NEW APPALACHIAN MOMENTS BLOG POST!!!
From Scott Ballard
Is there anything we take more for granted today than electricity? Especially as our phones, cars and homes get smarter, meaning more connected to computers, the internet and even more reliant on steady power.
Even though Thomas Edison invented the first power station in 1882…., if you lived out in the country even 50 years after that you still didn’t have power…Even after the Rural Electrification Administration was formed in 1935…only a third of the farms had electricity by 1940.
But…when electricity DID get to the mountains it created a quantum leap into the 20th century…electricity COMPLETELY changed our lives…the advent of stringing those lines down country roads meant you didn’t have to worry about things like…using those kerosene lamps that were…so dim you had to light a match to see if they were actually “on”… NOW, you could stay up past sun down and read or work or whatever! In fact, folks were SO excited about electricity that they wired their houses months or even a year before the lines reached them so they wouldn’t have to wait one more day!
Old farmers also quickly added on a room for indoor plumbing or turned an existing closet into a bathroom, but as important as that is, it was NOT the first thing people purchased…can you guess what it might have been?
An electric radio…Amos and Andy were more important than answering nature’s call!
Electric vacuum cleaners were sold, replacing the old push and pump models, and they were advertised to “keep the ladies of the house in good humor.” Electricity also quickly replaced a recent invention, the gasoline powered washing machine…which, by all accounts, was louder than it was effective.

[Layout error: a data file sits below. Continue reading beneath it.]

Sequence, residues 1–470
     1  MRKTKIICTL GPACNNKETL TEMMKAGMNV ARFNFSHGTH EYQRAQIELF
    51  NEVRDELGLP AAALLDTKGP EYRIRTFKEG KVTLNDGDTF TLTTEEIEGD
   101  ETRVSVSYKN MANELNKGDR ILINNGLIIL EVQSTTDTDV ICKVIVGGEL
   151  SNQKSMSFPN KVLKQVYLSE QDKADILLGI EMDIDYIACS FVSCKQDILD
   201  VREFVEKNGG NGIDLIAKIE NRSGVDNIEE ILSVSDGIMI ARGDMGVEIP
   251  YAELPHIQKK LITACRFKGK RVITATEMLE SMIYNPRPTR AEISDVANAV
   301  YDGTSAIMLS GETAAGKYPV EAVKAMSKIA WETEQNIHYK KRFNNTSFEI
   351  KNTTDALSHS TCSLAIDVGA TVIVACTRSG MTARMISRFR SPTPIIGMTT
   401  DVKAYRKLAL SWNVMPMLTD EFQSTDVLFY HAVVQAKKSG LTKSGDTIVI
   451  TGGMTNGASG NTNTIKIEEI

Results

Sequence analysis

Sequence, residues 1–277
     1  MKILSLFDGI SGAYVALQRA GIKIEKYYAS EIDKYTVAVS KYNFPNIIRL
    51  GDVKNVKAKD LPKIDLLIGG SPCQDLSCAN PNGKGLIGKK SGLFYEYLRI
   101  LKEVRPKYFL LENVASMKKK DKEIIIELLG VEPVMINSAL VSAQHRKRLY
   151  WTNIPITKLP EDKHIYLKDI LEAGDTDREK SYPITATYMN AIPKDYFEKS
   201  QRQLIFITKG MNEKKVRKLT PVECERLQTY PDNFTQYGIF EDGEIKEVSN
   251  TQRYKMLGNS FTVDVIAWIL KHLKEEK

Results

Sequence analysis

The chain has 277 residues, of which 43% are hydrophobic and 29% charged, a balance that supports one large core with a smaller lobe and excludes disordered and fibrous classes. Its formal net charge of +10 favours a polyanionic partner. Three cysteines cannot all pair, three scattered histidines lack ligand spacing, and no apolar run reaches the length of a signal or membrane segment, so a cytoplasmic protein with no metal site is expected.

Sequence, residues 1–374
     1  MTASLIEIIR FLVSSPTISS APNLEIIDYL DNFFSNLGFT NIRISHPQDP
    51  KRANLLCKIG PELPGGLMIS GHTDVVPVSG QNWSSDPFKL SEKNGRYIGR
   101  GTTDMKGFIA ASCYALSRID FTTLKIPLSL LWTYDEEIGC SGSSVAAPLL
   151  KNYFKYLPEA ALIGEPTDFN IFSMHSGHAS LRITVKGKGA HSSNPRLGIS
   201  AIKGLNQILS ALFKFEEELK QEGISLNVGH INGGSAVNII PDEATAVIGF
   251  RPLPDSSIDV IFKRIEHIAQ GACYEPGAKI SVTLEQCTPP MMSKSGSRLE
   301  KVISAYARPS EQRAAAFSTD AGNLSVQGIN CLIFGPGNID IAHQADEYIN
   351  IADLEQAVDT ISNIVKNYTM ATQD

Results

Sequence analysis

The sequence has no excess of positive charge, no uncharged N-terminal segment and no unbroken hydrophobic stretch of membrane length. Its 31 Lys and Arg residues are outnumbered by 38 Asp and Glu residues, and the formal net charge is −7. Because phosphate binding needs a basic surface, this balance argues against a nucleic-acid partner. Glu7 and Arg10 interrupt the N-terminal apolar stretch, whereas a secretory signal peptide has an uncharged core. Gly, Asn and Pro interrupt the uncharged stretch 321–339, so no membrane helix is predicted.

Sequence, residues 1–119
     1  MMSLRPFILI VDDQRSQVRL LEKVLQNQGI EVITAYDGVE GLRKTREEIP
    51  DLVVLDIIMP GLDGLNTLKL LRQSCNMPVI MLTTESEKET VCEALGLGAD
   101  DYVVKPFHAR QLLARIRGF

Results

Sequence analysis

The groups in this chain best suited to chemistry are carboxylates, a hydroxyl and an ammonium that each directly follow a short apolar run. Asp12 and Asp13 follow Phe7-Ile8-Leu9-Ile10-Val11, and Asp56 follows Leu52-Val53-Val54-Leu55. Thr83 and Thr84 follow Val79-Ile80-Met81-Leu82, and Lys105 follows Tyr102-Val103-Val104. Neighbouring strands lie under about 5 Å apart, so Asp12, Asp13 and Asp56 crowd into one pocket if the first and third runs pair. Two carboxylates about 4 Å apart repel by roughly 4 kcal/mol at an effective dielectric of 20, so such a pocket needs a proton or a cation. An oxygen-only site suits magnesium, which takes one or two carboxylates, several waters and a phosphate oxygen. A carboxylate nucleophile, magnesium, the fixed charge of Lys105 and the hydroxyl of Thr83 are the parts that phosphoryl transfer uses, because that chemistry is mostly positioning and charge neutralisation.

One of the biggest changes might have been refrigeration. A spring house was not where you lived when April rolled around, it was a small shed, usually built into the side of a hill, and often where a cool spring of water bubbled up out of the ground …the water flowing from the spring was typically around 55 degrees…even in the summer…and folks kept their milk, butter and other items in there…necessity was the mother of invention! There are still Spring Houses dotting the landscape in the mountains…some of them still run!
Please share your memories about the transition to electricity in the comments below on Facebook.
If you’d like to hear the audio version, click below.